ConnectGen Project Manager Eddie Barry is hopeful community members will keep an open mind as the project progresses through the design phase and project plans are firmed up with input from residents. The solar developer will hold a pair of open house meetings on Wednesday from 2 to 4 p.m. and 6 to 8 p.m. at Eion’s Hideaway Pavilion where ConnectGen staff will present more project details, answer questions and accept feedback.

Project representatives have previously sat in on local meetings where residents have voiced concerns over the proposal to their elected leaders, including at last month’s Town Board meeting. ConnectGen also hosted a virtual open house online in April due to the pandemic. Early details on the project were outlined and residents could submit questions.


Barry said the upcoming open house meetings will provide an opportunity for project representatives to speak face-to-face with residents and engage in open dialogue about the proposal that will inform plans. The sessions will also provide a project overview and more specific details on locations that might host solar arrays.

“The project is not going to be all consolidated in one single block,” Barry noted.

Although still preliminary, Barry said the project will be spread out across several sites that will help limit sight impacts. ConnectGen will be conducting a visual analysis as the planning to determine where the project will be visible from based on existing vegetation and topography.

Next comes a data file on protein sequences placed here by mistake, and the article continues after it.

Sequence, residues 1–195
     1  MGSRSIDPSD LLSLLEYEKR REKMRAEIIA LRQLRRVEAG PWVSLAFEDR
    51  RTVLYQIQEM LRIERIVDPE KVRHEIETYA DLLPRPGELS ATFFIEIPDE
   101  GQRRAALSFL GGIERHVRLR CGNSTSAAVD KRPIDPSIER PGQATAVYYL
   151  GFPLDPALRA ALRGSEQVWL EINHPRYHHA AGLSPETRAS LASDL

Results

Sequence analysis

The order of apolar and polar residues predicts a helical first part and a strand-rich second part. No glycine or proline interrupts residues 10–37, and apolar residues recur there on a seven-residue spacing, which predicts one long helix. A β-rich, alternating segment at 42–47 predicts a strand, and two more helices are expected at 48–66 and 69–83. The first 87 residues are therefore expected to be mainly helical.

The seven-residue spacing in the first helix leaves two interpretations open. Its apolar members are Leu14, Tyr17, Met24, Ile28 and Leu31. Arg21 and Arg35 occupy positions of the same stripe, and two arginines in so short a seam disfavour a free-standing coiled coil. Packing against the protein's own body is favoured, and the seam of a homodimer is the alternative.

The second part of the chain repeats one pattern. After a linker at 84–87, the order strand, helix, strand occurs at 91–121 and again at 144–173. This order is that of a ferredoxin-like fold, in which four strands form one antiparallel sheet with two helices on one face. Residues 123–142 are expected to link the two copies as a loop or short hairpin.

Those details will be used to develop screening measures that will be presented during a future open house to allow residents to provide feedback before the final application for the project is submitted to the state. ConnectGen currently plans to submit its formal application during the fourth quarter of this year, which will start a one-year time limit for a final decision.


The Mill Point Solar Project is subject to Accelerated Renewable Energy Growth and Community Benefit Act that was approved last year as part of the state budget under Section 94-C of state executive law. The legislation includes provisions to speed up the approval process for large-scale solar projects of 25 megawatts or larger. Final determinations on projects are made by the state Office of Renewable Energy Siting.

The fact that the project will go through state approval, instead of being a local decision, is another concern for residents. As is the timing and method under which the state launched the process.